Flagrant Stats – Statistical analysis for women's basketball

Teams with more efficient half court offenses vs. transition offenses part 2: free throws?

After I published my essay on teams that oddly had a better point per possession statistic for their half court offense compared with their transition offense, I received the following comment from James Arnold, the head coach of NCAA Division III team Westminster (MO) College.

TeamRecordTransition PPPHalf Court PPPPace rankOverall PPP RankFT rateFT %
Little Rock Trojans21-110.7920.81332813132497
Boston University Terriers15-140.7220.78334317426566
CSU Fullerton Titans14-160.7550.792215207212244
Colorado State Rams8-220.7480.78234728430934
Drake Bulldogs27-70.9040.94530182521
Grand Canyon Antelopes7-200.6800.743311289180346
IUPUI Jaguars20-120.7770.80631911241161
Loyola (MD) Greyhounds7-240.6640.70332631628587
Miami Hurricanes25-90.8580.8841462972230
Middle Tennessee State Blue Raiders23-110.8770.88334932119165
Northern Kentucky Norse11-180.7320.74628425557235
South Dakota Coyotes28-60.9320.93919614623
UTSA Roadrunners
7-210.6790.684145321327283
Virginia Tech Hokies22-120.8420.91321634921

Unfortunately, I’m not aware of anywhere that breaks FTs down on a comparison of if they come from transition or half court offense. I think Arnold’s question is a really pertinent one, though – if a team is just much better at getting to the free throw line in the half court, that could explain why they have their expected offense performance “flipped.”

The closest thing I could find to the answer for this question is Synergy listing what percentage of a team’s transition & half court points come from the free throw line. However, I don’t see a very easy way to compare this across teams without pulling up the numbers for each DI team. Which, uh, no thanks.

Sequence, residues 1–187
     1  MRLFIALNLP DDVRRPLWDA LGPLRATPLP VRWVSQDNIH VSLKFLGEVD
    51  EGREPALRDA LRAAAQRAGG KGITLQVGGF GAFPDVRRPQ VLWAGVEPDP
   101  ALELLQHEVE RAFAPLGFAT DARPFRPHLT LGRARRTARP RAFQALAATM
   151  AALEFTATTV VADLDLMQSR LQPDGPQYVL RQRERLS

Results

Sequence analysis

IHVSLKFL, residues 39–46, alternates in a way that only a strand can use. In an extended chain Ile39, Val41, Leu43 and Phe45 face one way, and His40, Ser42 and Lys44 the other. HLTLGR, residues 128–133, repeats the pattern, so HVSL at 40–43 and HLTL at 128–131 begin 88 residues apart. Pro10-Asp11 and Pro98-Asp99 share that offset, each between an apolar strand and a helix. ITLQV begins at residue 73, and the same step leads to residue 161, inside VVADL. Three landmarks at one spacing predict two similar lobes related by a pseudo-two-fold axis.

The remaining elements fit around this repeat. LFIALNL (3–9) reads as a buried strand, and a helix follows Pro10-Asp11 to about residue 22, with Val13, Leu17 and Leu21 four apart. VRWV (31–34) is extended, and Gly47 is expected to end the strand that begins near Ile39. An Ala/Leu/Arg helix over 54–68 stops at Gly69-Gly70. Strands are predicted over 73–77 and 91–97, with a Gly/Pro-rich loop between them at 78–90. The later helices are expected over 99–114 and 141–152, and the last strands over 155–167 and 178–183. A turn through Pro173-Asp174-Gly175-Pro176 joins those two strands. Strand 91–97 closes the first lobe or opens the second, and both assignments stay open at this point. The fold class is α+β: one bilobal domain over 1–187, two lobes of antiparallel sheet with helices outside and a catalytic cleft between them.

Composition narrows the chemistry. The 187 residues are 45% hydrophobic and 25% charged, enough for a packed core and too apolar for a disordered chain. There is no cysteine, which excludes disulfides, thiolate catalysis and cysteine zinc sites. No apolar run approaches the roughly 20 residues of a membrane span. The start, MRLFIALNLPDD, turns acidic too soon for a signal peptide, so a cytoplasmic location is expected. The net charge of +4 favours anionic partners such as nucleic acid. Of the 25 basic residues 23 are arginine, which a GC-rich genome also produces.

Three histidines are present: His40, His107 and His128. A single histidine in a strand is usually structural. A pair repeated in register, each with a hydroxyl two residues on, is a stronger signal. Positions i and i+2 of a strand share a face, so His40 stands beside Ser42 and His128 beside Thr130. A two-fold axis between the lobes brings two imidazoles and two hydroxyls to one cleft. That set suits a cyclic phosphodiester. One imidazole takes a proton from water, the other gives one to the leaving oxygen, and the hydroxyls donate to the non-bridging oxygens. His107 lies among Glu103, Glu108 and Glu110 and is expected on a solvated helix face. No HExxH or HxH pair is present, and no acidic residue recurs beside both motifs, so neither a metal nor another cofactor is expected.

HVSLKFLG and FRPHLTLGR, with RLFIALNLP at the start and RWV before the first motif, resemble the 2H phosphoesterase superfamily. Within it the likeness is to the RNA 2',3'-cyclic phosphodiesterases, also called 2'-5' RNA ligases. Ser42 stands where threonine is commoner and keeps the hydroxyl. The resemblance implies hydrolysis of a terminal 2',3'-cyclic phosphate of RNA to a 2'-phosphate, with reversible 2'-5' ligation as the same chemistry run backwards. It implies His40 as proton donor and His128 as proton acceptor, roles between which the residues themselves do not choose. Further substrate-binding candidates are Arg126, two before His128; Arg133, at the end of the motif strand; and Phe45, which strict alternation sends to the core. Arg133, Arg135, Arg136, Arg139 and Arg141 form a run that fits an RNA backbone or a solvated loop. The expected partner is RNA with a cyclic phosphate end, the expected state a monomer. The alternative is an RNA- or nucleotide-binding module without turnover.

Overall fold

So I did the next best thing and looked up the teams in question’s FT rate & FT % numbers from last year. Unfortunately, neither really provided an answer to the question. Free throw rate is spread out in this group, with some teams getting to the line a lot and some other ones almost being allergic to it. There’s also no apparent link between free throw rate and overall offense within this group; Little Rock had a pretty good O, but they took very few free throws. Meanwhile Northern Kentucky got to the line at a great late but had a poor overall offense.

Free throw percentage was a little closer, but again didn’t offer a clear answer. Grand Canyon was very poor at making freebies. UTSA wasn’t much better, and there were three more teams that I’d generally classify as not great. But it also includes the best & third best teams at making shots from the charity stripe, plus five more teams from the top 100.

It feels like the strongest correlation is between ability to make free throws & these “flipped” offenses, but I don’t think it’s strong enough to make any kind of an actual declaration of a relationship.

The frustrating thing is I’m not any closer to solving this issue. Maybe it’s not a circumstance that actually has an answer. Maybe these 14 teams are just kind of weird in how their offense performed. Maybe it’s actually most meaningful that 11 of the 14 teams had an edge of less than 0.05 points per possession in their half court offense, and that just means it’s within the realm of possibility to have these numbers come out of your offense, and it’s basically just statistical noise.

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